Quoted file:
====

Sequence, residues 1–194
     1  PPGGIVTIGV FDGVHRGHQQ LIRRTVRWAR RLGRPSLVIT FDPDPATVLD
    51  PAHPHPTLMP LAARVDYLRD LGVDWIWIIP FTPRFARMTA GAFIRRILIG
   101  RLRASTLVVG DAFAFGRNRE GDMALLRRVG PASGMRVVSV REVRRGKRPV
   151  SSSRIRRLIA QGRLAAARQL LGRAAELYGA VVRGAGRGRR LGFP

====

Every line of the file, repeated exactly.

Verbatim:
Sequence, residues 1–194
     1  PPGGIVTIGV FDGVHRGHQQ LIRRTVRWAR RLGRPSLVIT FDPDPATVLD
    51  PAHPHPTLMP LAARVDYLRD LGVDWIWIIP FTPRFARMTA GAFIRRILIG
   101  RLRASTLVVG DAFAFGRNRE GDMALLRRVG PASGMRVVSV REVRRGKRPV
   151  SSSRIRRLIA QGRLAAARQL LGRAAELYGA VVRGAGRGRR LGFP